Providing information to investors whose assets are being used in SFTs: the logic of the proposal is that there is room to improve transparency for investors about the practices of investment funds involved in SFTs and other equivalent financing structures by requiring detailed reporting on these operations. This would lead to better-informed investment decisions by investors.


Rehypothecation: the regulation seeks to improve the transparency of rehypothecation (any pre-default use of collateral by the collateral taker for their own purposes) of financial instruments by setting minimum conditions to be met by the parties involved, including written agreement and prior consent. This would mean that clients or counterparties gave their consent before rehypothecation could take place. They would also make that decision based on clear information on the risks that it might entail.

Since the Lehman collapse in 2008, transparency and the promotion of a ‘data culture’ have become the order of the day on the financial markets. The EESC entirely endorses this trend and fully supports the transparency enshrined in the mechanism proposed and the involvement of the investor through explicit consent to be given for each operation.


Financial markets are global and so the systemic risks created by shadow banking entities must be tackled in a coordinated way at international level. The EESC believes it is indispensable to strengthen cooperation with the authorities in the third countries most concerned in order to agree on a joint strategy and coherent and, if possible, equivalent measures.


The EESC thinks that the proposal is consistent with the Recommendations of the Financial Stability Board. In August 2013, the FSB adopted eleven recommendations for tackling risks inherent in securities lending and repurchase agreements. The proposed regulation is in line with four of these recommendations (Nos 1, 2, 5 and 7) related to the transparency of the securities financing markets, disclosure to investors and rehypothecation.


The EESC does not consider the administrative burden this regulation imposes on the financial system to be excessive, but it does compound other administrative and management red tape imposed by other regulation. The EESC stresses the risk that it will be households and businesses who bear this burden. This will either make the financial system more onerous for users or cut bank profits, which is undesirable given the already difficult situation in which the European credit system currently finds itself.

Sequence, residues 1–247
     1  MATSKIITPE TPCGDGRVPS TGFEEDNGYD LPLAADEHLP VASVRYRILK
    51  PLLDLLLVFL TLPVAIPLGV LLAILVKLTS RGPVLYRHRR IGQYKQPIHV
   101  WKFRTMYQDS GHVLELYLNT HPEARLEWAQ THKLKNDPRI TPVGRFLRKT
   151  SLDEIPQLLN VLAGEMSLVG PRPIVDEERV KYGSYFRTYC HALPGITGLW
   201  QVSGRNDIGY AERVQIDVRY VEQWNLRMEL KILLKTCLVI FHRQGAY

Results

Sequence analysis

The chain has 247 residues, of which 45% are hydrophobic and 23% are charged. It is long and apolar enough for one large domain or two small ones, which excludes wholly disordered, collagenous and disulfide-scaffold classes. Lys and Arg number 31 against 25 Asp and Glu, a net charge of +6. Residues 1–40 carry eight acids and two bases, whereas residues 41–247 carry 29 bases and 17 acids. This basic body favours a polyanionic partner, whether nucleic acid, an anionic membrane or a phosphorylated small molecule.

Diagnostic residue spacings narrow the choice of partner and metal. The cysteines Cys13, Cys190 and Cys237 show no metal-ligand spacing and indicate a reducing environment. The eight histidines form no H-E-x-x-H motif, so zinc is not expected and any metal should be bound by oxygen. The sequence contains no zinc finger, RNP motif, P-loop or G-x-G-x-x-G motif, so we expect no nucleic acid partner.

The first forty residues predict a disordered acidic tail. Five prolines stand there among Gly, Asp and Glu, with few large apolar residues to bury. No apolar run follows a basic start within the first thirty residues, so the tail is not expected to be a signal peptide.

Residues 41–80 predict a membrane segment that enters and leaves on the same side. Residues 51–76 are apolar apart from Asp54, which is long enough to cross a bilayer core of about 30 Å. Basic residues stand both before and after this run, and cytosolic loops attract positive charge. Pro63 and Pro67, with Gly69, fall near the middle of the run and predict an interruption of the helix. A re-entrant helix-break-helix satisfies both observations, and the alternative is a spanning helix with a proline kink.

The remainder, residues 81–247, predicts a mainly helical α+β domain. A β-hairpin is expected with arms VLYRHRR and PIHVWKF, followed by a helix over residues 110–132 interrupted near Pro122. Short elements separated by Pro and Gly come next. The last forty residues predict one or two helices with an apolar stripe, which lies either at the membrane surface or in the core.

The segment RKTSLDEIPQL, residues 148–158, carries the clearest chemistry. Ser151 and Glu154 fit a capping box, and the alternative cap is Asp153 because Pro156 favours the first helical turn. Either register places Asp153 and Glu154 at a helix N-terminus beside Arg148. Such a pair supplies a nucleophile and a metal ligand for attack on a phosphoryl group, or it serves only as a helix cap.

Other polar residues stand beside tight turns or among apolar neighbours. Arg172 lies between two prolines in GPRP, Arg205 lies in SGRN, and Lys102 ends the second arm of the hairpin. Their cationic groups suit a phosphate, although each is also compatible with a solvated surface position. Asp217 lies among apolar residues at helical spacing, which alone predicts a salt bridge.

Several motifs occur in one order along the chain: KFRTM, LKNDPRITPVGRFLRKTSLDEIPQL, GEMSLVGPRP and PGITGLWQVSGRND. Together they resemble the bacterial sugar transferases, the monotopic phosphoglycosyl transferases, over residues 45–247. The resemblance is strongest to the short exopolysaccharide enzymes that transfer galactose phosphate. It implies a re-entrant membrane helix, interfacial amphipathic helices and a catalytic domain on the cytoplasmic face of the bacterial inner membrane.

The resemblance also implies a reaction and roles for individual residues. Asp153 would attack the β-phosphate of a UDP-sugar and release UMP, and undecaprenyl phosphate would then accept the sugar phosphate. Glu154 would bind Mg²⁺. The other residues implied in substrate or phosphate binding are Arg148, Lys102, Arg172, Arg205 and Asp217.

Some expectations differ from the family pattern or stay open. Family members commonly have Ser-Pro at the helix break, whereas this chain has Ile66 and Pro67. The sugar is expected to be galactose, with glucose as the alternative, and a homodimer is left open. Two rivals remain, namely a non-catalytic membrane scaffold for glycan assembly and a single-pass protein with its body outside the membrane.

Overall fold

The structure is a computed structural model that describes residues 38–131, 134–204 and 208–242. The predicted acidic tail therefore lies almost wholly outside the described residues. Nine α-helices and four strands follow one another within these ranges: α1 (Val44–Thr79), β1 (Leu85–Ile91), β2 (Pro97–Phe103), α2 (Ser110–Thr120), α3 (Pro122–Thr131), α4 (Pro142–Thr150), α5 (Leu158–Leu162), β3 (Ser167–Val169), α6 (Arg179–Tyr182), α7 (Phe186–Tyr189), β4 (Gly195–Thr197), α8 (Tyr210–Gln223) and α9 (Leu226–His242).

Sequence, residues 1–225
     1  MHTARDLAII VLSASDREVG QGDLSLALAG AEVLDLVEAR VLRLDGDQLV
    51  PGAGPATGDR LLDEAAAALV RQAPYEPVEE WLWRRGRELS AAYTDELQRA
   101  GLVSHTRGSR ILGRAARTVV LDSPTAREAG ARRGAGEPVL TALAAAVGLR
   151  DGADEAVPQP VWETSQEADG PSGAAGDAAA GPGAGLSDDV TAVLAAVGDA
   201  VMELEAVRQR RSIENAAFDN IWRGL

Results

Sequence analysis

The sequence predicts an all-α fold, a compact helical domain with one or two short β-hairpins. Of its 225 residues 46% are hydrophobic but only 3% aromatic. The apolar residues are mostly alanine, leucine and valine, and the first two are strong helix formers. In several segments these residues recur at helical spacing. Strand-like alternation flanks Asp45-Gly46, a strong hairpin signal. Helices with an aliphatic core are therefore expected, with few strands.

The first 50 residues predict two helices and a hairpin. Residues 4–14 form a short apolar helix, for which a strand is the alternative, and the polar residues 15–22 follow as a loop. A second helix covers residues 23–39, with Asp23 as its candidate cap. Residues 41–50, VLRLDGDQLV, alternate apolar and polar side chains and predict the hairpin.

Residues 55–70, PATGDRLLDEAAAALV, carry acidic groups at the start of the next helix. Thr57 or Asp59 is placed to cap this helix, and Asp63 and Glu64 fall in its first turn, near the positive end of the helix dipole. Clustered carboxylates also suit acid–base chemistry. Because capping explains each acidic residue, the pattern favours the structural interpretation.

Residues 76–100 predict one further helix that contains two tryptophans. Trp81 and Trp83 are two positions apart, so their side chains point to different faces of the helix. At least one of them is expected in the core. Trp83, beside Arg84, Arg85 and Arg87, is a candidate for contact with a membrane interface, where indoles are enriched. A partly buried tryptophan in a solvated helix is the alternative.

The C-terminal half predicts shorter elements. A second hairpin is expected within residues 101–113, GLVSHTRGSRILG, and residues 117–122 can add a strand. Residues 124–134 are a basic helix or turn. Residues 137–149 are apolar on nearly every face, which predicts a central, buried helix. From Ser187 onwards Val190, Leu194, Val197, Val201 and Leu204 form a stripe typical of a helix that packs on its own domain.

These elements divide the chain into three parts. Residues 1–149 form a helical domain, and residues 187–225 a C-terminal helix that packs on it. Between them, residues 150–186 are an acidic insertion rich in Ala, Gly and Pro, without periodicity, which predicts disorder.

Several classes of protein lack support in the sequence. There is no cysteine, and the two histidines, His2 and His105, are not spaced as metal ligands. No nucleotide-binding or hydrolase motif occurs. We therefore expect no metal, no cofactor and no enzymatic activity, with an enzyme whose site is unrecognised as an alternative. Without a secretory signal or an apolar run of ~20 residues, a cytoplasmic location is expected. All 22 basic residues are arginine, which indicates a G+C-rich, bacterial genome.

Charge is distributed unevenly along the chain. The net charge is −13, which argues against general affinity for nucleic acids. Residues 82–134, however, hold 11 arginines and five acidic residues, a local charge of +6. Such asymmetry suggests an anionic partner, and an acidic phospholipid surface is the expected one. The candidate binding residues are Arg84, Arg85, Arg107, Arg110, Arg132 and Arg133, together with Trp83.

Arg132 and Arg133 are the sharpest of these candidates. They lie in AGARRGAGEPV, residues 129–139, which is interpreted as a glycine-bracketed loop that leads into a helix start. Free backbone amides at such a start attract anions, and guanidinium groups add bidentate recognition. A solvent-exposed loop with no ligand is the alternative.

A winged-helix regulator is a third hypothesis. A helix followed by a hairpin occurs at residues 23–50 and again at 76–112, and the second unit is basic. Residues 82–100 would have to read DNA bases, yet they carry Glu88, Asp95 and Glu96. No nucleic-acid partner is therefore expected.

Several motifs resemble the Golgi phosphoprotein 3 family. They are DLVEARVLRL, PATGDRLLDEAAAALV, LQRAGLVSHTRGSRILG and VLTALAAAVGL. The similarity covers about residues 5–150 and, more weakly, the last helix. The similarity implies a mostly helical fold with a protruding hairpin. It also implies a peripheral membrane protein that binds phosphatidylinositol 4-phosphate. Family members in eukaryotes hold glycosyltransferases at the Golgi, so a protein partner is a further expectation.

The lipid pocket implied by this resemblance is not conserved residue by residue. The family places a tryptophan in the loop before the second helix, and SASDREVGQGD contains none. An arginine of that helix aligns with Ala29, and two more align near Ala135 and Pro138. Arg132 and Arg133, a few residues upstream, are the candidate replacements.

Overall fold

The EESC stresses the importance of including UCITS (undertakings for collective investments in transferable securities) and AIFMs (managers of alternative investment funds) in the communications obligations in relation to their reports, as laid down in Directive 2009/65/EC, which recasts legislation in force, and in Directive 2011/61/EC.


Another very important point concerns the sanctioning regime, which, as well as being effective, proportionate and dissuasive, must include a series of minimum measures. The Member States have the option of imposing stiffer administrative sanctions as well as introducing criminal sanctions in particularly serious cases. In this event, they must ensure information is exchanged between national authorities, the ESMA (European Securities Markets Authority) and the Commission.


As with the EMIR regulation, the EESC notes that Article 24, on publication of decisions on the imposition of administrative sanctions, leaves too much discretion to the competent authorities, who could draw different conclusions about the same case, all the more so if they are from different countries. What concrete evaluation could be made as regards possible jeopardy to the stability of the financial markets?


The EESC thinks it important for the principle of equivalence to be included in the proposal, in keeping with Article 13 of the EMIR, and asks the Commission to effect this.


While appreciating that the delegated acts envisaged in this regulation are limited in scope and are appropriate, the EESC is concerned that no time is set for the exercise of this delegation. The EESC points out that it has already expressed its reservations on this matter on numerous occasions.


The EESC endorses Article 15 in its entirety, but notes the risk of possible disputes between counterparties regarding the efficacy and equivalence of a system other than signature and suggests that at least some examples be given of these equivalent alternative mechanisms, for example registration by telephone or electronic certification.

Brussels, 9 July 2014.

The President of the European Economic and Social Committee


(1)  OJ C 170, 5.6.2014, p. 55.

(2)  OJ C 177, 11.6.2014, p. 42; OJ C 170, 5.6.2014, p. 55; and the opinion on Structural reform of EU banks (ongoing).